“We think that it matches with the theme of joy and justice in the sense that people are just putting their hearts out there and being very vulnerable in the paintings that they drew or the drawings that they have,” Kirunda said. “So we’re excited to share it with everyone.”
Kirunda noted how this symposium could mark the first year that the art exhibit features student work online and around campus, although it depends on how many submissions they receive and what form they take. Moving forward, they believe that the virtual gallery could be a great way to preserve the symposium’s art for years to come.
“Being able to have something that lives on for a while is really nice for students to come back to,” Kirunda said. “To be able to use (the virtual gallery) as a reference for future curators is also really nice and a really good option as a continuity form.”
Fellow art exhibit co-chair Jeremiah Guerrero ’22 is excited to have the opportunity to present the work student artists have created for the symposium.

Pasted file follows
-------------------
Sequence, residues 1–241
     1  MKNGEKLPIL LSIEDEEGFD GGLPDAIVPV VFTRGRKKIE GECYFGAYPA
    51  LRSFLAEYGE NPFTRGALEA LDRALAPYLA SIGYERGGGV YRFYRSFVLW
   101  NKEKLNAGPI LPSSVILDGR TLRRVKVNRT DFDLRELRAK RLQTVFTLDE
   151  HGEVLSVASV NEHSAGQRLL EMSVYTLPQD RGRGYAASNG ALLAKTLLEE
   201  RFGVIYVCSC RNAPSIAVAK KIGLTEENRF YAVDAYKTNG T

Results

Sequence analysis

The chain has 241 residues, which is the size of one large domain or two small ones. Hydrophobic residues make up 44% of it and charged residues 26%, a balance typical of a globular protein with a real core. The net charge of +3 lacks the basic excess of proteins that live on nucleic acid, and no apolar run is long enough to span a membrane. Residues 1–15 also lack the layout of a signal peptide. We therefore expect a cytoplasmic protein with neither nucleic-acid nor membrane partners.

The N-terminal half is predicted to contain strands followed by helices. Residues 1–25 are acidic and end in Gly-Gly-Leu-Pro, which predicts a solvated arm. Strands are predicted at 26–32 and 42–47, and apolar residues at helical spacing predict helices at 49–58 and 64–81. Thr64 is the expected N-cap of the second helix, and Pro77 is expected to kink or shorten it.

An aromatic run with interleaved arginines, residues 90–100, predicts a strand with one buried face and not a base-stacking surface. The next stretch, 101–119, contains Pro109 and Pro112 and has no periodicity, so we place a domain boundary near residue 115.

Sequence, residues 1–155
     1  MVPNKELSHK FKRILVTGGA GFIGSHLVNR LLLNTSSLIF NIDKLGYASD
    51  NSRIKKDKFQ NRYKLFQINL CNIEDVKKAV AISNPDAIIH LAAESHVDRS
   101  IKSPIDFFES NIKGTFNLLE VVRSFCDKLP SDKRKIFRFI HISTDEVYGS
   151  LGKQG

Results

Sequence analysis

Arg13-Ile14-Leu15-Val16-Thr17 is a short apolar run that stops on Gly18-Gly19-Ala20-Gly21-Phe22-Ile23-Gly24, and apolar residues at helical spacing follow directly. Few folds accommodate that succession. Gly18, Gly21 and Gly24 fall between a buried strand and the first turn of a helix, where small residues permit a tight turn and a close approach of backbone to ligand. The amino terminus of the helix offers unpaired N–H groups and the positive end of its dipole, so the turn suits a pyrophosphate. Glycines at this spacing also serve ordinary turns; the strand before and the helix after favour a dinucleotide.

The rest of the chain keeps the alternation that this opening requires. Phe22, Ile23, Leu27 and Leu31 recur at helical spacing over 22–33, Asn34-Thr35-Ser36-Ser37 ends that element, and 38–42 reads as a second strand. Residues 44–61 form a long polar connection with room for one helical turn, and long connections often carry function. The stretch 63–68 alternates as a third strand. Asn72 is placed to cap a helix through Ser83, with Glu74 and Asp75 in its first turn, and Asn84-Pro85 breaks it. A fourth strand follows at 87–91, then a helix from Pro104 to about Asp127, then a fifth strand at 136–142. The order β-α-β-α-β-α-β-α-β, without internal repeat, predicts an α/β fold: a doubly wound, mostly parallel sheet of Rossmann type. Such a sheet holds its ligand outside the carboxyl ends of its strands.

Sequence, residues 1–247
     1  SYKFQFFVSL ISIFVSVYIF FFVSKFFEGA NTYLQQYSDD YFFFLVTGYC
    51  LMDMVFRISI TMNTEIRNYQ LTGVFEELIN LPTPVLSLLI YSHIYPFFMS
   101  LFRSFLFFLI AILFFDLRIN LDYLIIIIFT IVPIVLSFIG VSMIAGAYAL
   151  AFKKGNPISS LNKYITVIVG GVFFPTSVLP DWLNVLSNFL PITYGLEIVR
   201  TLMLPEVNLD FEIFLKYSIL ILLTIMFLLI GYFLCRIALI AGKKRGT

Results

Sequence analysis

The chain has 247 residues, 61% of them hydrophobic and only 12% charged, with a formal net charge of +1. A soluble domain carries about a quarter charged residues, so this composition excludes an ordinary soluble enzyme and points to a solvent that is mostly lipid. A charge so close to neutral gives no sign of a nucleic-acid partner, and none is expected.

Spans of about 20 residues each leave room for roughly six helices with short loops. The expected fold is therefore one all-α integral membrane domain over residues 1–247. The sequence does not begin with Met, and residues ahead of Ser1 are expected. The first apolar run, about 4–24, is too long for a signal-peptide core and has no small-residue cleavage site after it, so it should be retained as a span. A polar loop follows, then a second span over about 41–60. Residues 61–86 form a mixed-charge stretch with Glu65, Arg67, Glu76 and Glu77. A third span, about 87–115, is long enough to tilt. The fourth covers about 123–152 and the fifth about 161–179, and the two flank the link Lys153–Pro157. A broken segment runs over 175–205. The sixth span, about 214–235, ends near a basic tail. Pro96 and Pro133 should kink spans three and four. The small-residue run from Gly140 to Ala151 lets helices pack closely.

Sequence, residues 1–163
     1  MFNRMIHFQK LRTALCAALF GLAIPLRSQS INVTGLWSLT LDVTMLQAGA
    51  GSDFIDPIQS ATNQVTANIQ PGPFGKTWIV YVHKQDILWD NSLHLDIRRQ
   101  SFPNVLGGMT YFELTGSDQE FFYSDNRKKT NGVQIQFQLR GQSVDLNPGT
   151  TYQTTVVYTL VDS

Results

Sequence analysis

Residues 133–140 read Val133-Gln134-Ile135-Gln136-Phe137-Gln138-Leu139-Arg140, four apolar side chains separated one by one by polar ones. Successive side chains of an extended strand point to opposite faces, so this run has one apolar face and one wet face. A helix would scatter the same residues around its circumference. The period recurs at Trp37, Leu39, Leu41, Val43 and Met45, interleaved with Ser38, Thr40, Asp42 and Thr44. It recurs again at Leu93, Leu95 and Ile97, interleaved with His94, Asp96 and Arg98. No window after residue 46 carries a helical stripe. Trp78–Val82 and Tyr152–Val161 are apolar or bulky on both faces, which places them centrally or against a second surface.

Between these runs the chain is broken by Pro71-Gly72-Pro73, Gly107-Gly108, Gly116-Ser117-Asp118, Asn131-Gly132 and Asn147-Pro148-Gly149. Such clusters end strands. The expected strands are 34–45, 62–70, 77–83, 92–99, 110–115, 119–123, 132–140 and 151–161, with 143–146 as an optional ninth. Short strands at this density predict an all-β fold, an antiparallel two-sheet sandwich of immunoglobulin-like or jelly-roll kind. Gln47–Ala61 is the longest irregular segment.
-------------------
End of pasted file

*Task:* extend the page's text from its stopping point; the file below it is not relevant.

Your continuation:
“I think we’re really just trying to exhibit student art,” Guerrero said. “That’s our first and foremost goal: to get the community engagement going and exhibit everyone’s art.”
Students and LC employees are required to bring an identification card to attend. Other attendees will have to show proof of vaccination or a negative COVID-19 test taken within the previous 72 hours to be admitted. After last year’s entirely-online symposium, this year will largely return to an in-person format, but some events will be available for streaming.
“This year we will be able to have that experience of being in the same physical shared affective space, to laugh and feel all of the feelings together,” Brodkin said. “One of the things that was sad about last year was being all fragmented and isolated.”
The Ray Warren Symposium is still in need of volunteers to help set up the events. Araya Rodríguez stresses the importance of having this volunteer support because it helps them and the other student co-chairs prepare the symposium to the best of their ability. If you are interested in volunteering, please contact firstname.lastname@example.org to receive more information.